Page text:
JAKARTA, NNC - While our memories of the devastating earthquake that struck Lombok of West Nusa Tenggara, and the pain of the affected communities have yet to fade away, we were again shocked by the earthquake and tsunami that devastated Palu, Sigi and Donggala, in Central Sulawesi.
Thousands of lives that could be evacuated were then buried en masse. Not to mention the thousands of people who suffer from the loss of material, such as houses, businesses, and other property, which certainly cannot be counted.
All of this clearly shows Indonesia's indescribable pain and sadness in words. Suffering is certainly not only experienced physically, but certainly also mentally which takes a very long time to heal.
Behind the disaster and suffering, of course there are also various questions, why are these disasters constantly invading humans? What guilt has the human done? Are these disasters punishment for human sin?
These questions by the theologian Elisabeth Kulber-Ross in her book "On Death and Dying" (1968), are referred to as the main questions in "boundary situations" or "situations without a solution."
The boundary situation is a situation that shows human shock, frustration, and powerlessness in the face of natural might and omnipotence of the Creator.
God's omnipotence and human helplessness
Humans in the modern era with technological advances that are so great, have also shown how great humans are with their intellectual intelligence, super sophisticated aircraft, high-tech warfare, information technology, etc. all of which are amazing.
However, when the earthquake shook and the tsunami devastated human life, which took so many lives, it really portrayed how insignificant they all were compared to the greatness and omnipotence of God.
The greatness of man means nothing when the Almighty affirms His authority through great natural disasters as sovereign rulers over the whole existence of the universe.
Citing Paul Budi Kleden, a young theologian who is now serving in the Vatican, in a paper, "God shook the earth so that people will be jolted from their security. God poured water from the sky, thus eroding human confidence. God shook His sea waves to destroy human pride."
In that way, God addresses and admonishes them on their misguided path, trying to restore them to the true nature of their being as creatures.
That disaster is really not a curse on man for all his arrogant or boastful behavior before all other living things, but it awakens humans about all limitations and helplessness in the center of the universe. For this reason, everything human proud of does not get any meaning in this life.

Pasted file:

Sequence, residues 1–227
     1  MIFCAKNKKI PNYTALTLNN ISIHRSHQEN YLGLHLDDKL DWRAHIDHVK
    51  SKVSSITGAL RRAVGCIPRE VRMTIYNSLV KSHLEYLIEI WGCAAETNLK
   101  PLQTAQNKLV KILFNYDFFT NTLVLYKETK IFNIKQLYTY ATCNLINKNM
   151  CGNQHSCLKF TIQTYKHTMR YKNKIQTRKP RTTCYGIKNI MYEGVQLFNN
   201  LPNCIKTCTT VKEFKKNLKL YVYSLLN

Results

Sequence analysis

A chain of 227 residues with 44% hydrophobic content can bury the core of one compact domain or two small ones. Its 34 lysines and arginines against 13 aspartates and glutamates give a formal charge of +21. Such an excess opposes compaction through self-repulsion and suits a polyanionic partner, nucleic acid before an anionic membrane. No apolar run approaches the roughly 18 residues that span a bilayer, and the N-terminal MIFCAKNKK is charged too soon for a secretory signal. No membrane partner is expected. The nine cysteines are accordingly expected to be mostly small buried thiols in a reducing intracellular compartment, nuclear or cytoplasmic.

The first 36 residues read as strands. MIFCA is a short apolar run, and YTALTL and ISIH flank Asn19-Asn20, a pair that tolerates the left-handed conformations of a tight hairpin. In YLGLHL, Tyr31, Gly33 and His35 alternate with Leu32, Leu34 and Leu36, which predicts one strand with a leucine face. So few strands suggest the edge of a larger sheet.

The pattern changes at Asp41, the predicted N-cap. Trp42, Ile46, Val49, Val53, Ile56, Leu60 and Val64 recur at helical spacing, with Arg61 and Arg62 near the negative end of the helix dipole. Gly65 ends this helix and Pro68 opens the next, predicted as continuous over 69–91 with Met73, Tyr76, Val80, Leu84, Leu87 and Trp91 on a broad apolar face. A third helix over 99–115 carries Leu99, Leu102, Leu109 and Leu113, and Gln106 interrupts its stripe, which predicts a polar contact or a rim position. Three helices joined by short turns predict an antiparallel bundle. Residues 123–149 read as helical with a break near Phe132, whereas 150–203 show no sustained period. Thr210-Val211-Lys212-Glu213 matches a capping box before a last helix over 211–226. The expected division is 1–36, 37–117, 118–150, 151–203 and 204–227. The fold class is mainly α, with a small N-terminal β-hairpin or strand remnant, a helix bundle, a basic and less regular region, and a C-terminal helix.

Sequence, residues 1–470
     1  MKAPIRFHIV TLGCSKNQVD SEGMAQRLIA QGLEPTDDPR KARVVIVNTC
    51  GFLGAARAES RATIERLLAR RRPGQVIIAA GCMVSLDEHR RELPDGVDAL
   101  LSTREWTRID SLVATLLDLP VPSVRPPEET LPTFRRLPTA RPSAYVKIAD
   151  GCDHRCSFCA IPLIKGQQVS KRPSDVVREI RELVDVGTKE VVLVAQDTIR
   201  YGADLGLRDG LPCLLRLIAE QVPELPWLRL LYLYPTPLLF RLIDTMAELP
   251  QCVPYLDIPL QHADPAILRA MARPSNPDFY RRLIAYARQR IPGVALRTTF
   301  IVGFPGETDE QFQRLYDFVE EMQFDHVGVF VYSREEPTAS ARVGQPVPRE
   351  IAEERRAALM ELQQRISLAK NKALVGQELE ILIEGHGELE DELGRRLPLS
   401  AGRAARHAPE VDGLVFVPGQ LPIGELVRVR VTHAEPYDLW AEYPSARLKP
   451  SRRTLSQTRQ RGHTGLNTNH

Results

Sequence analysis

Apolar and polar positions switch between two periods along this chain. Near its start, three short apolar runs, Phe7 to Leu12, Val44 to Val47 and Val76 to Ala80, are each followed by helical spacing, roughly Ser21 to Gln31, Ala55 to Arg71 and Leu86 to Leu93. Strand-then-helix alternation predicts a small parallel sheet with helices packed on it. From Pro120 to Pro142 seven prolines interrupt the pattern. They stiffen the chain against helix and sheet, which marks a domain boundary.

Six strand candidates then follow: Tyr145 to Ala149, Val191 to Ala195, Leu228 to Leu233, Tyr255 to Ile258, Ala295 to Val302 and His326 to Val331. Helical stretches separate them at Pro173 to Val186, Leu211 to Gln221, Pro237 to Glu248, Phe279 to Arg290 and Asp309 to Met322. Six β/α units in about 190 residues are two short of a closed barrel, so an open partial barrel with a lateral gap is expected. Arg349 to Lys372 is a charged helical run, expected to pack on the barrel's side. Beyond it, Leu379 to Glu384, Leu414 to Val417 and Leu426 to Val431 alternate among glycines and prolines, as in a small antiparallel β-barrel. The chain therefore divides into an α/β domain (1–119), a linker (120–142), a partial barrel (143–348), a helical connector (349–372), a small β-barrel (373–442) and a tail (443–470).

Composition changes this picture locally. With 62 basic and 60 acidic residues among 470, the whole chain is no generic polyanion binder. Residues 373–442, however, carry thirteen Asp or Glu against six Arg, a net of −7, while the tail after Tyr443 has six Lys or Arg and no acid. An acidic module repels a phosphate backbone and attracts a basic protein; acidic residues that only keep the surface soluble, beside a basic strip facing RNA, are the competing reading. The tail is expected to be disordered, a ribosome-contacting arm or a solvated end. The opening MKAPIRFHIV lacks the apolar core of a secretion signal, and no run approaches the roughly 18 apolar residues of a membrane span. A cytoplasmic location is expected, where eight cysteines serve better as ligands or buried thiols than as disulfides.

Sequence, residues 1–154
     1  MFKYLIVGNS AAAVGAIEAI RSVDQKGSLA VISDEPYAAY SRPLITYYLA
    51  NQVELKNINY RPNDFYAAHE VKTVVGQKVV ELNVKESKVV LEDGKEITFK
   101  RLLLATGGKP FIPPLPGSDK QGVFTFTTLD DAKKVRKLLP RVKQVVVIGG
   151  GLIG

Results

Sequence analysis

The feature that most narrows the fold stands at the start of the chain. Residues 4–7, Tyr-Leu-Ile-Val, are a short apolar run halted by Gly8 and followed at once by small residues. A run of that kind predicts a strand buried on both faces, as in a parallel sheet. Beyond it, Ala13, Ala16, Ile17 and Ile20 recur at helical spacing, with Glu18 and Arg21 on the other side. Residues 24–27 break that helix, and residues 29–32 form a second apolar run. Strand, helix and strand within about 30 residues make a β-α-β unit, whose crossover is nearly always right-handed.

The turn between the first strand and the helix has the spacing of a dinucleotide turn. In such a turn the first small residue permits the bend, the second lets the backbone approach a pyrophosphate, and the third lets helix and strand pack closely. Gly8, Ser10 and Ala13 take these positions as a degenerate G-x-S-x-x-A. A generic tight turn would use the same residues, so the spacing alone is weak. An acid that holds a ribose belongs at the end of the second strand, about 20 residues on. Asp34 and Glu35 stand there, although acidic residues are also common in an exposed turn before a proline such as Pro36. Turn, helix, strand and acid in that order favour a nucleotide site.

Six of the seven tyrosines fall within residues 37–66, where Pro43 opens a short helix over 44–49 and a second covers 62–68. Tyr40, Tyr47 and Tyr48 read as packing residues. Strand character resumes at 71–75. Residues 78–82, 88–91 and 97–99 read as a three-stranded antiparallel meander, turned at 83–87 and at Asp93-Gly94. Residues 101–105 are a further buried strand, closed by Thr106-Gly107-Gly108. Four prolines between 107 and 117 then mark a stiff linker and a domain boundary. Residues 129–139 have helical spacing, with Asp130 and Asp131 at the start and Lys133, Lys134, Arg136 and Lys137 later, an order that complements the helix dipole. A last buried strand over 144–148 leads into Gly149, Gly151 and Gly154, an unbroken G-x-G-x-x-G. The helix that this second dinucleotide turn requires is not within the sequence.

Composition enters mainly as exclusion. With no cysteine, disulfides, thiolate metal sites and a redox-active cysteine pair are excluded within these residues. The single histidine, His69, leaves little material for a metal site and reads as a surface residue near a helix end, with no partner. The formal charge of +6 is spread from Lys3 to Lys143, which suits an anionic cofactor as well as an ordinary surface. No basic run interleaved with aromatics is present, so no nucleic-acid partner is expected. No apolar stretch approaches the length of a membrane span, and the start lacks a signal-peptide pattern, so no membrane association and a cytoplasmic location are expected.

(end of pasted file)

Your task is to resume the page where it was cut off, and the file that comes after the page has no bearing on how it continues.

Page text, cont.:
God in the rubble
At the gate of human progress with the advancement of science and technology, actually the human death is carved, with a moment that is always unexpected.
Furthermore, on top of the rubble of buildings that were hit by super-severe natural disasters, it revealed dissonance and limited capacity for human intelligence. Disasters are as if silencing and confronting state authorities in directing their nation to control nature and the environment.
With disasters and human helplessness, they directs humans at one point in life that they can only be dealt with resignation in prayers by affirming themselves from His holy verses to find strength in continuing this life with a steadfast attitude of faith, none other.
When God shows His greatness and power, passes and on the ruined ruins, we can only offer in prayer, "Lord, we are not tired of asking you. If you close your one door, we will squat down, with submissive face and soul, before your other doors."
Just like Chairil Anwar said, "And we also cannot turn away," as an expression of resignation and respect to the Owner of this Universe.
Therefore, it is said by many theologians that all the mysteries of disaster can only be dealt with the power of faith, and the coming of disaster to claim lives can only be accepted with full submission that can lead to strength and happiness.
Having surrendered we remember the family members of victims of the earthquake and tsunami in Palu, Sigi, and Donggala, and also those in Lombok some time ago, quoting the French poet,
Also from the rubble,
A sprig of orchid will blossom